"Chicago Folk" Collects More Great Photos by Raeburn Flerlage | Bleader

Wednesday, December 9, 2009

"Chicago Folk" Collects More Great Photos by Raeburn Flerlage

Posted By on 12.09.09 at 02:42 PM

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Chicago Folk: Images of the Sixties Music Scene
  • Chicago Folk: Images of the Sixties Music Scene
I’ve never looked through Chicago Blues, a book of blues photographs shot in Chicago by Raeburn Flerlage (who died in 2002 at age 87) and published in 2000. But after spending some time with a new volume of his gorgeous black-and-white photography I realized that I’ve seen plenty of his work without knowing it. Back in the 60s he shot album photos for labels like Chess, Delmark, Testament, Folkways, and Prestige. And the terrific new book Chicago Folk: Images of the Sixties Music Scene (ECW Press) collects his photographs of the folk-music revival, particularly of concerts at the University of Chicago Folk Festival during the 60s.

Other photo books have already documented this scene, including one by John Cohen (who appears in Chicago Folk as a member of the Red Clay Ramblers Lost City Ramblers) and The Face of Folk Music by Dave Gahr, but it’s awfully nice to have another, especially of pictures all taken in Chicago. In addition to the U. of C. Folk Festival, Flerlage shot at the Old Town School of Folk Music, Orchestra Hall (the book includes some Bob Dylan pics from 1963), the old Kroch & Brentano’s bookshop, and folk clubs like Gate of Horn, Fickle Pickle, and Mother Blues. Flerlage took performance photos and casual candids of the usual suspects—Big Joe Williams, Roscoe Holcomb, Odetta, Bill Monroe (whose band at the time included Jack Cooke and Del McCoury), Hobart Smith, Son House—but though his subjects were familiar he usually captured something riveting if not revelatory about them.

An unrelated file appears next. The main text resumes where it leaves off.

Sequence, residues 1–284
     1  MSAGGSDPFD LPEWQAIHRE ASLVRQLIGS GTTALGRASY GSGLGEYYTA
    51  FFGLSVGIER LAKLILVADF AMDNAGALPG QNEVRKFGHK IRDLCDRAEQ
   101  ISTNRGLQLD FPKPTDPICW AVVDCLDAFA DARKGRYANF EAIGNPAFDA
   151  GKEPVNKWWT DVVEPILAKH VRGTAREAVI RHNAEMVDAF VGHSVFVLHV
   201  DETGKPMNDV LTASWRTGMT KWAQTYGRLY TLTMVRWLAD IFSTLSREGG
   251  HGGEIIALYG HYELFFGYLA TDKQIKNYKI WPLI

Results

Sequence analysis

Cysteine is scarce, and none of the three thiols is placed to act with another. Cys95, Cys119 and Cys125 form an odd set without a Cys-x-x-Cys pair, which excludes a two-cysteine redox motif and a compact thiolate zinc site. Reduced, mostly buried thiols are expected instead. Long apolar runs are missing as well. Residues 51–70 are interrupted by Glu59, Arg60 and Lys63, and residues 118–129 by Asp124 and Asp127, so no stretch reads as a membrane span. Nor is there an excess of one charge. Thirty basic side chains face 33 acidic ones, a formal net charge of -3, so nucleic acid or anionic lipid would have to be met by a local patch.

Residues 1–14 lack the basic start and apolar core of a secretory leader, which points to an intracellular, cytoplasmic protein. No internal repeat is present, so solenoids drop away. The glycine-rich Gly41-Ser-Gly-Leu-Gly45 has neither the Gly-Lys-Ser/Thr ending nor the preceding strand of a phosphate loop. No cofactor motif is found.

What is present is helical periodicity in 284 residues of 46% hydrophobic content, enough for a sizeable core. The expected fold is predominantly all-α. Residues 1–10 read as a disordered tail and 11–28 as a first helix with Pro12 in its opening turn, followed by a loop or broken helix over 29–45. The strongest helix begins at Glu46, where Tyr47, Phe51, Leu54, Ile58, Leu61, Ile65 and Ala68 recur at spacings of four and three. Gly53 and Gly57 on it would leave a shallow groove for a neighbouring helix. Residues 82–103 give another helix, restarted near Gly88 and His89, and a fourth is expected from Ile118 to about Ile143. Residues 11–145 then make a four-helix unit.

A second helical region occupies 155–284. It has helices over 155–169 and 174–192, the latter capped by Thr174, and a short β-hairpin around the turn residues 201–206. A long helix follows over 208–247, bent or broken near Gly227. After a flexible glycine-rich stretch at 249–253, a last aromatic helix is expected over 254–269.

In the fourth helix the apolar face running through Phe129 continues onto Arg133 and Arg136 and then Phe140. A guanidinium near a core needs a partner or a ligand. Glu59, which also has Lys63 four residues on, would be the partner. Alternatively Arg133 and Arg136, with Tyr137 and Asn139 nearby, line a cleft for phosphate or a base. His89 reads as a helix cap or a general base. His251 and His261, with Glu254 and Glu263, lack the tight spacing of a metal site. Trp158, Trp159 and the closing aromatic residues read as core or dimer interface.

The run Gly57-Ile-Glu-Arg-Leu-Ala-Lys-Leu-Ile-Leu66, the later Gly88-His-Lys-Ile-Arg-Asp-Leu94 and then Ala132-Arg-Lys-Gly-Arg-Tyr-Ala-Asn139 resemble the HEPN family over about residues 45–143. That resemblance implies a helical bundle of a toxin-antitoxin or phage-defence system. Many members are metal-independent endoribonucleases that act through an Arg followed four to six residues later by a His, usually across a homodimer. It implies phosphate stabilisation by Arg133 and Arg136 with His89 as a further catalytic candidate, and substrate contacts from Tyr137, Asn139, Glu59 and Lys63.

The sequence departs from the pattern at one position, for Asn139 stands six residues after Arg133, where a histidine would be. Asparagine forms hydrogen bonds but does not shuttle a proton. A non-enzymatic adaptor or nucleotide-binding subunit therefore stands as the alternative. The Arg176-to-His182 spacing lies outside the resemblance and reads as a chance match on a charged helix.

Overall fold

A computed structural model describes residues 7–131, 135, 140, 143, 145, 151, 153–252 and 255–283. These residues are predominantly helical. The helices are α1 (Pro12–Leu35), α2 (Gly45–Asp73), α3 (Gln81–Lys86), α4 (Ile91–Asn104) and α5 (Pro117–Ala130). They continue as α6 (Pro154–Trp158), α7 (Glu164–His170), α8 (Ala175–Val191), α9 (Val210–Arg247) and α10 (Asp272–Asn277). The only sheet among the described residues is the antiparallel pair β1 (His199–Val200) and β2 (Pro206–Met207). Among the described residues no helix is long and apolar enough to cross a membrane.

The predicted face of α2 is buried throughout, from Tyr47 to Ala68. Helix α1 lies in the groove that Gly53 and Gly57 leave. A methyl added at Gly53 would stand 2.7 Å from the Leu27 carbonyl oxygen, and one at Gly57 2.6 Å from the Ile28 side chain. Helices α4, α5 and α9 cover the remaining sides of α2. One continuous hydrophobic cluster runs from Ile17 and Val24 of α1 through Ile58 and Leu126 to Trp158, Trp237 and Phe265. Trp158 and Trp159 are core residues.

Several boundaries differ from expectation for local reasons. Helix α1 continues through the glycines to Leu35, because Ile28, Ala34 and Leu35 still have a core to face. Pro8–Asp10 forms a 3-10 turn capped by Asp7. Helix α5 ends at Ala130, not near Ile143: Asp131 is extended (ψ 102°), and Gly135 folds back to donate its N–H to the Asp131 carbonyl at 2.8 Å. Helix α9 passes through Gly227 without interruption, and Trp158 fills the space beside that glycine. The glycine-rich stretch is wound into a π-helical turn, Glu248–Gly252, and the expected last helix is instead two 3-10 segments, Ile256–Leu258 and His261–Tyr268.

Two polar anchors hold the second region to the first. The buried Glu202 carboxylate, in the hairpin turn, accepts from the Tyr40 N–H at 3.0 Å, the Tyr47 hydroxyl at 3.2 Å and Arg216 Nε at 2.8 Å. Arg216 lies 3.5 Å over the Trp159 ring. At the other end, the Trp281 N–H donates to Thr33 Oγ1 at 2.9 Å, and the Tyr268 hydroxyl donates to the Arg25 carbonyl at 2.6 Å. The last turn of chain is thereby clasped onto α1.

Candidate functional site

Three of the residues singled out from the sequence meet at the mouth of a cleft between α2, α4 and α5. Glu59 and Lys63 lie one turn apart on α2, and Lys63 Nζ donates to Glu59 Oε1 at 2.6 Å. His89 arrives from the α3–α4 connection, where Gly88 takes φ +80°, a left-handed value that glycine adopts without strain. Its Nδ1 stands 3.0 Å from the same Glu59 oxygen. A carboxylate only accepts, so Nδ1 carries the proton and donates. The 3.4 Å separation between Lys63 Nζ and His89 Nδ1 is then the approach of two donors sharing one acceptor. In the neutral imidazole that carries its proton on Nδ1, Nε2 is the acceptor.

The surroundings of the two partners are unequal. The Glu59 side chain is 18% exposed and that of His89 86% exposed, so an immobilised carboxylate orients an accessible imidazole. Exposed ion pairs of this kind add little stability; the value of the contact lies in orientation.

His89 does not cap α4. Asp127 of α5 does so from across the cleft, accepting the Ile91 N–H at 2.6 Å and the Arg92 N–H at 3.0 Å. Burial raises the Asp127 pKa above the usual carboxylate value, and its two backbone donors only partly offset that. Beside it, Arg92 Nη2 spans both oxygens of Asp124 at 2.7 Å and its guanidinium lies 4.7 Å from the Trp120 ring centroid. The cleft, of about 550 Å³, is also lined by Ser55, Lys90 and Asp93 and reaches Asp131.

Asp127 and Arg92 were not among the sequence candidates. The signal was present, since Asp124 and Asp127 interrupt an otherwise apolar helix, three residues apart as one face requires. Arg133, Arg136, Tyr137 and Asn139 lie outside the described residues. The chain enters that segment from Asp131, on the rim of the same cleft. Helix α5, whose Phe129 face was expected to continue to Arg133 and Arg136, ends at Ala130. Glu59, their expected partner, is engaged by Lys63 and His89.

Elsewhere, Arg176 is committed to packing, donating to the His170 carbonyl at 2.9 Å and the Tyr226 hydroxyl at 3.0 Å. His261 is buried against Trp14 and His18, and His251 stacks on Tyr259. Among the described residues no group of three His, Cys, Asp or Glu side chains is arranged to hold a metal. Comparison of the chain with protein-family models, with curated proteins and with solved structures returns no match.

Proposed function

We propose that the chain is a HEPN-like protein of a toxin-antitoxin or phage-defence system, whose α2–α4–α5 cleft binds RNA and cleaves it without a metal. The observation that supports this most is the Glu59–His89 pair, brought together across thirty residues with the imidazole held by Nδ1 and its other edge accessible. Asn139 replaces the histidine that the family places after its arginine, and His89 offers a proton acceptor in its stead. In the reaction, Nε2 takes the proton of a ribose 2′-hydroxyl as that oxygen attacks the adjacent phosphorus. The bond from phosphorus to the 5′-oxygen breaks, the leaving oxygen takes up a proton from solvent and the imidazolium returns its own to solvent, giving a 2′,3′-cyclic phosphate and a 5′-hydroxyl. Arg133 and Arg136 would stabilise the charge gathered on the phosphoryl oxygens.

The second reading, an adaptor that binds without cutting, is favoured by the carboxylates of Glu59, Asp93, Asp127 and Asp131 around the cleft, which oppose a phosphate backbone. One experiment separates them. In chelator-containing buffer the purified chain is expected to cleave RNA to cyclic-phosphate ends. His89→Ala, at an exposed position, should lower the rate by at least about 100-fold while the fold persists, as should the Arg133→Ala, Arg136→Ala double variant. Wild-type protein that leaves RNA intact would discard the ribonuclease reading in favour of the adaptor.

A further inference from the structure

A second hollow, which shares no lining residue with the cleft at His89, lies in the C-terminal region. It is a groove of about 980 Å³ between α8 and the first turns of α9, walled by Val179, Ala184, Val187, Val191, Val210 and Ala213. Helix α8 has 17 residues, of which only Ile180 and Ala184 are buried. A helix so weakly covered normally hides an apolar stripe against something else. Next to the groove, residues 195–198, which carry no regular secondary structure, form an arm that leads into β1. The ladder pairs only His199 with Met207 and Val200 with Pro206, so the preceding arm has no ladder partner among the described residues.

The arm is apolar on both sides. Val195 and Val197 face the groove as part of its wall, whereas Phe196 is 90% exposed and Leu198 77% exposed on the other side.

The book includes more than 200 photos, most have which haven’t been previously published. A fascinating introductory essay by Ronald D. Cohen, a history professor at Indiana University Northwest, details Flerlage’s obsession with folk music—he discovered early on that he could score free records if he wrote about them—and with racial equality. He eked out a meager living while doing everything he could to promote the music and the musicians. He was an early supporter of Pete Seeger’s People’s Songs movement and spent much of the 50s and 60s working as a midwest distributor for Folkways, the legendary label owned by Moses Asch. Flerlage comes off as a guy who felt that he couldn’t get close enough to the music he loved, but Chicago Folk proves that he found just the right place from which to capture it.

Today’s playlist:

Diego El Cigala, Corren Tiempos de Alegría (Ariola)
Spellbinders, Chain Reaction (Shout!)
Emeralds, What Happened (No Fun)
Caetano Veloso, Zii e Zie (Universal, Brasil)
Gerald Cleaver, William Parker, and Craig Taborn, Farmers by Nature (Aum Fidelity)

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